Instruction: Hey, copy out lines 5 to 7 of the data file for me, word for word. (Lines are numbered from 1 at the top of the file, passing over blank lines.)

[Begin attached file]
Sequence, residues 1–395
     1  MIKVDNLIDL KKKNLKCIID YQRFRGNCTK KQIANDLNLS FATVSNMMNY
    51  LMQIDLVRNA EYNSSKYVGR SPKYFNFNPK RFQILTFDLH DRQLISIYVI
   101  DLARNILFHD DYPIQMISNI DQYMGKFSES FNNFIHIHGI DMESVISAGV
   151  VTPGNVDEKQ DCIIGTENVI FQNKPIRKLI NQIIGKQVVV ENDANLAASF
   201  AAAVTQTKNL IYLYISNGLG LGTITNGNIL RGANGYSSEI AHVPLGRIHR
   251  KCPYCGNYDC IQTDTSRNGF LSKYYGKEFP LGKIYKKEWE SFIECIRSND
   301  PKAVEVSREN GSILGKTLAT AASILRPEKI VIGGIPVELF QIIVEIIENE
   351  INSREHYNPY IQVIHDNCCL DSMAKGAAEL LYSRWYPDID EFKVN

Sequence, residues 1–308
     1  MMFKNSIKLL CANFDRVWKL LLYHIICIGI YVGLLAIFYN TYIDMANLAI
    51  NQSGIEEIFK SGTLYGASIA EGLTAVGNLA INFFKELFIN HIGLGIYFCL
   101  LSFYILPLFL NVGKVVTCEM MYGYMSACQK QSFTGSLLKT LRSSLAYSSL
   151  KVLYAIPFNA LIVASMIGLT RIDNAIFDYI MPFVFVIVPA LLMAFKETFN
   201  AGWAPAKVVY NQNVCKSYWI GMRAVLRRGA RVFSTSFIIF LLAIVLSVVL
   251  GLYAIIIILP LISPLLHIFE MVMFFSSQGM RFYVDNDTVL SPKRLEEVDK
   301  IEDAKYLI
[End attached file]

   151  VTPGNVDEKQ DCIIGTENVI FQNKPIRKLI NQIIGKQVVV ENDANLAASF
   201  AAAVTQTKNL IYLYISNGLG LGTITNGNIL RGANGYSSEI AHVPLGRIHR
   251  KCPYCGNYDC IQTDTSRNGF LSKYYGKEFP LGKIYKKEWE SFIECIRSND